When Capt. Rinehart Wilke IV relinquishes command of Naval Air Station Fallon this week and then prepares for his new assignment on the East Coast, a major part of him will still have a significant slice of the Silver State in his blood.
Capt. Leif E. Steinbaugh will become the new skipper of the sprawling high desert naval air station on Thursday afternoon.
Wilke, who will be wrapping up his third naval tour in Fallon, spent a total of nine years in Nevada. He married his wife, Melody, at Stateline, Nev., during his second tour, and his two youngest children, Taylor and Riley, were born in the state.
For Wilke, he said he will miss the community and the civilian employees who made his final tour to Nevada a memorable one. He said both the military personnel and civilian employees are very devoted to the mission of NAS Fallon.
“This is such a big organizational job,” Wilke explained. “I would characterize it as being a mayor of an installation within Churchill County. I don’t have the authority over all the folks here, but I have the responsibility for them.”
During Wilke’s first two tours at Fallon, he was assigned to the Naval Strike and Air Warfare Center as both a student (his first assignment in 1996) and then as an instructor. As base commander, Wilke said his No. 1 priority was customer service, not only for the sailors assigned in Fallon but also for the various carrier air wings that came to the installation for training.
“We take care of sailors,” Wilke emphasized, when describing his leadership priorities.
Although the Department of Defense funds the day-to-day operations of NAS Fallon, Wilke said he does not receive additional money for visiting air wings. That’s when ingenuity becomes a major part of commanding. By working with his Fleet and Family Support and MWR (Morale, Welfare and Recreation) staffs, Wilke said they are able to accommodate their visitors and make their trip to Fallon a pleasant one.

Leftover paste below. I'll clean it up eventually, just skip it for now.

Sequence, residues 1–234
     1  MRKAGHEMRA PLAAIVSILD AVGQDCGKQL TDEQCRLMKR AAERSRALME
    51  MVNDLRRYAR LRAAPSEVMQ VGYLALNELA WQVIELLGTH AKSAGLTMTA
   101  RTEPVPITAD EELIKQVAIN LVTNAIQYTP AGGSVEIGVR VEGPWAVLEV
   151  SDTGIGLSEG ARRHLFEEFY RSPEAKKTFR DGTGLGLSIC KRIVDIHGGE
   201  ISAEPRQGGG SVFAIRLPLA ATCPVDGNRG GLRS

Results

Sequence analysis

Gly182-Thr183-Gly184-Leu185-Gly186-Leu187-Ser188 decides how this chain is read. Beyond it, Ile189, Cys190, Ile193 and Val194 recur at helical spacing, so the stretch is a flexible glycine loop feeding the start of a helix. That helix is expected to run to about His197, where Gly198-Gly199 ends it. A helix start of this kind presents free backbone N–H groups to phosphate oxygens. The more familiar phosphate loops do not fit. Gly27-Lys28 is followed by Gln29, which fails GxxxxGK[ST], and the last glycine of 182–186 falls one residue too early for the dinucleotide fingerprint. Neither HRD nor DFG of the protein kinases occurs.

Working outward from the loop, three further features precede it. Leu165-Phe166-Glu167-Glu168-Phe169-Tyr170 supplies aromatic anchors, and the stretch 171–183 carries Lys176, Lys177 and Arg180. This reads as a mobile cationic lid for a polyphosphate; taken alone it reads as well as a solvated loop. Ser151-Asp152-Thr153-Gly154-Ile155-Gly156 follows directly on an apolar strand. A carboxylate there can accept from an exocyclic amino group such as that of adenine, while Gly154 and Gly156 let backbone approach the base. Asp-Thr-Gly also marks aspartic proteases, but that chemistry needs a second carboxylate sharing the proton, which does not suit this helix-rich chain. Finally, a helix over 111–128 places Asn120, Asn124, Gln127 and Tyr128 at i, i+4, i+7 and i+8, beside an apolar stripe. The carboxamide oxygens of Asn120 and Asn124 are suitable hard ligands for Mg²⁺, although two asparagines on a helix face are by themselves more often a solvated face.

“It requires the staff to go beyond to support the transient sailors,” Wilke said.
From clerks assigning rooms to the recreation aide handing out a towel at the fitness center, Wilke said customer service is paramount at all levels.
Another goal Wilke undertook was hiring Dr. Nova Anderson, who formerly worked for the Nevada State Heath Division, to manage Fleet and Family Services. He calls Anderson a “phenomenal manager” who understands the psychological needs to support sailors and their families.
Also during his tenure as commanding officer, Wilke ramped up the emergency response training at NAS Fallon and also between the base and civilian agencies.
“Our emergency responders at NAS Fallon are all top-notch. Fire, security, EOD (explosive ordnance disposal) all work in conjunction with each other and with Search and Rescue,” Wilke said, adding that the base assets work well with the Fallon/Churchill Fire Department and local law enforcement.
Within a year of Wilke’s arrival, he had hired a training officer to execute training scenarios. A major drill occurred in early May 2011 when NAS Fallon and local agencies converged at Churchill County High School for a drill involving a downed in-flight refueling aircraft. Various agencies responded to treat people injured by the aftermath of the crash
The vision became reality six weeks later, though, when first-responders from both the base and Northern Nevada were called out after an 18-wheeler plowed into an Amtrak passenger train on June 24, 2011, 35 miles north of Fallon.
“Amtrak required us to shut down NAS Fallon’s airfield,” Wilke said. “We sent our firefighters, helicopters and a couple of security vehicles to the scene.”
Federal firefighters working with Fallon/Churchill eventually extinguished a fire that began after the collision, while Navy helicopters transported injured passengers and Amtrak crew members to local hospitals. Wilke said the first-responders performed brilliantly although seven people were killed.
Wilke said it was gratifying to be able to help the local community in a time of crisis.
It’s that type of cooperation between the base and community that has strongly impressed Wilke.
“I have seen the community support with NAS Fallon in a extremely positive manner,” Wilke pointed out. “The mayor and Churchill County Commissioners have all expressed their support to NAS Fallon.”
Wilke said he also sees the support from the sailors who volunteer for community events like Octane Fest or the Cantaloupe Festival or help coach a youth sports team. Likewise, Wilke took an active role as a member of the Fallon Rotary Club and occasionally spoke at Navy League meetings. The community response, though, impresses Wilke.